In a push to meet President Obama’s goal of having America lead the world in college completion by 2020, Vice President Biden issued a call to states to do their part at America’s Promise Alliance’s Building a Grad Nation Summit in Washington, D.C. late last month. At the Summit, he said:
“Right now we’ve got an education system that works like a funnel when we need it to work like a pipeline.”
His statement highlighted a serious problem plaguing America’s higher education system– while more than 70 percent of high school graduates enroll in some kind of advanced education within two years, just over one-half of bachelor’s degree candidates complete their degree within six years, and less than one-third of associate’s degree candidates earn their degree within three years.
Given that a majority of jobs within the next decade will require at least some postsecondary education, addressing this problem is a priority for our future economic prosperity.
First, Vice President Biden urged governors to hold college completion summits in their states to raise the profile of this issue, and to spur dialogue and action to raise each state’s share of college graduates it produces.
He also unveiled a College Completion Toolkit, published by the Department of Education, which includes seven strategies states could use to boost their numbers of college graduates.
These strategies include:
- Setting goals and developing action plans
- Embracing performance-based funding for higher education institutions
- Aligning high school exit standards to college entrance requirements
- Making it easier for students to transfer and
- Targeting adults with some college but no degree.
Indeed, the toolkit points out that by targeting those with some college but no degree, states could go a long way towards meeting President Obama’s 2020 goal.
To complement the College Completion Toolkit, the Department of Education also published calculations breaking down each state’s share of additional college degrees it would need to produce to meet the 2020 goal.
Vice President Biden also announced new financial resources the administration is making available to help states meet the 2020 goal, such as the 2011 Comprehensive Grant Program, which will provide $20 million to colleges to implement plans that can increase success and improve productivity in postsecondary schools.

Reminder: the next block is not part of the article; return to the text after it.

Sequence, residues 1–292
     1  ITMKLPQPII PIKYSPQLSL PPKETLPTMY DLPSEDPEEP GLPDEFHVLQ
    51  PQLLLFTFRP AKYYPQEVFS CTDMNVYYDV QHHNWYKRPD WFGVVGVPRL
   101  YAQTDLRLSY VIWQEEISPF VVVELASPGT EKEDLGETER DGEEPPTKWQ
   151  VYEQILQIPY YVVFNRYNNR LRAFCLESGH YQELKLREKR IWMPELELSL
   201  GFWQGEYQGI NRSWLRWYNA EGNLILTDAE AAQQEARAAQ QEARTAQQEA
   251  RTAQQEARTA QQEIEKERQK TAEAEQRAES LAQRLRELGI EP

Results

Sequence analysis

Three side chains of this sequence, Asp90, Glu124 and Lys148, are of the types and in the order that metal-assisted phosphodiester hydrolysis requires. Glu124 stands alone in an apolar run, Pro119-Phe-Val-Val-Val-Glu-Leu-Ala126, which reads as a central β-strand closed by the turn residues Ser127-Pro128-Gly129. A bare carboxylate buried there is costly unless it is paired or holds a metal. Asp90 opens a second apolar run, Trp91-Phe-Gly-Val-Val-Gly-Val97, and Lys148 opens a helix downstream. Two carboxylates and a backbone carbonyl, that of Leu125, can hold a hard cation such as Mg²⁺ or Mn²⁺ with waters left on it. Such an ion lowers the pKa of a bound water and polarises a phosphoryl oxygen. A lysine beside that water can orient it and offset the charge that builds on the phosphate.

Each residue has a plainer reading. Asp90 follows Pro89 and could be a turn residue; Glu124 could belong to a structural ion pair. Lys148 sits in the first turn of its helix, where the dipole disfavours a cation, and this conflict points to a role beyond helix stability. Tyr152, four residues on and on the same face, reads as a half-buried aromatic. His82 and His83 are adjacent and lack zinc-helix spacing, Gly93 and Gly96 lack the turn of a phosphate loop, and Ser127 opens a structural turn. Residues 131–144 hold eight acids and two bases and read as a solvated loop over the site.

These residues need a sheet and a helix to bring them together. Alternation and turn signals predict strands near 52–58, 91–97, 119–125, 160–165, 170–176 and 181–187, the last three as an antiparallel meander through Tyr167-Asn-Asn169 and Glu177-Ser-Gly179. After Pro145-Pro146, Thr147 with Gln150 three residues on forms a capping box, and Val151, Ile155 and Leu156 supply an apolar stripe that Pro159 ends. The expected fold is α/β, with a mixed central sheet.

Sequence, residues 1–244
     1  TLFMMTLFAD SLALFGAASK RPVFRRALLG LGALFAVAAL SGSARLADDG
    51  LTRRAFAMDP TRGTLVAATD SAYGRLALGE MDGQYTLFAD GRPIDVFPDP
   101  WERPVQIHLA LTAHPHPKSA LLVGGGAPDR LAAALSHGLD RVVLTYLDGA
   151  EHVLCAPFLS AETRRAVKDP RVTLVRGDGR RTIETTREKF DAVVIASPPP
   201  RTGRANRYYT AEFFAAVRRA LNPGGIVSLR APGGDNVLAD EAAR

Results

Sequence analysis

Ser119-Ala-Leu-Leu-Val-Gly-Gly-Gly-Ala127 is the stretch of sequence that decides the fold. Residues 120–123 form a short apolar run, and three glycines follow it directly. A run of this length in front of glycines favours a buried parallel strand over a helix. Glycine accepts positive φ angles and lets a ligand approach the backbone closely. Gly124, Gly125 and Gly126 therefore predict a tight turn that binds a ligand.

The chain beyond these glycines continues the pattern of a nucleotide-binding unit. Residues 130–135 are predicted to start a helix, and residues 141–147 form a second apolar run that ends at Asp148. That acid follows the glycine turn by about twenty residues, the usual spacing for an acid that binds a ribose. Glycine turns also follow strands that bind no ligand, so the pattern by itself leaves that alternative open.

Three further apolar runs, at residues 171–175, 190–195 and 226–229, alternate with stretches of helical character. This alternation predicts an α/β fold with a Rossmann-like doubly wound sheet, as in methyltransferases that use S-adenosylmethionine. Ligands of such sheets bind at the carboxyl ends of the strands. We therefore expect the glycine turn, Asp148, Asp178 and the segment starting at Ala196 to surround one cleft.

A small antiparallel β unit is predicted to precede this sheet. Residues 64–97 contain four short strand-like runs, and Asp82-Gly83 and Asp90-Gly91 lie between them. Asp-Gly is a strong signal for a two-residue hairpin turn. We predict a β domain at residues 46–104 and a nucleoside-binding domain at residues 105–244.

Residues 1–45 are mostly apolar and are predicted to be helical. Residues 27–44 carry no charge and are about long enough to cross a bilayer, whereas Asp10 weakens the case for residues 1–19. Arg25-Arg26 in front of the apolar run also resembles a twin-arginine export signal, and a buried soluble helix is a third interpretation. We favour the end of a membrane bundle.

While states have an important role to play in increasing the preparedness of America’s workforce, so does the business community. While states can raise the profile of the importance of college completion and can help create incentives for schools to produce more graduates, businesses can also play a positive and important role in partnering with colleges and local governments to build and enhance the talent pipeline.
This is especially true with respect to lower-income young adults, who face a challenging time completing their degrees due to financial strains and, oftentimes, eldercare or childcare responsibilities. In many instances, businesses have found ways to enable these young adults to work while going to school, supporting their education through mentoring, internship opportunities, tuition support and flexible scheduling. In return, these businesses take an active role in developing their talent base.
Stephen M. Wing, Corporate Voices’ president and new member of America’s Promise Alliance’s Board of Trustees, participated in the Summit, and said,
“Innovative partnerships between employers and community colleges are so important because, in reality, so many community college students must work in order to support themselves and their families.”
Corporate Voices for Working Families believes that these types of Learn and Earn models are beneficial for businesses, workers, colleges and communities. Under the auspices of the Bill & Melinda Gates Foundation, it has documented the imperative of employer and community college Learn and Earn partnerships, and is continuing to identify and encourage these types of models of talent development.
As one of Corporate Voices’ newest reports illustrates, the need to engage the business community in building the capacity of our workforce is real, as53 percent of business leaders report having a challenging time recruiting employees with the skills and education their companies need, despite our high levels of unemployment.
Through engagement in Ready by 21, Corporate Voices is also working with businesses and other local stakeholders to help communities improve the odds that all youth will be ready for college, work and life. And, through its New Options Project, Corporate Voices is engaging the employer community to create career pathways for disconnected young adults, a largely overlooked pool of untapped talent.
So, as states do their part to meet the administration’s call for higher college completion rates, businesses and employers can also embrace meaningful programs and practices to retain and develop key talent and help improve America’s competitiveness in the global economy.
(If you are interested in participating as either a leader or learner of successful business-led talent development programs within Corporate Voices’ workforce readiness work, please contact Sara Toland at firstname.lastname@example.org.)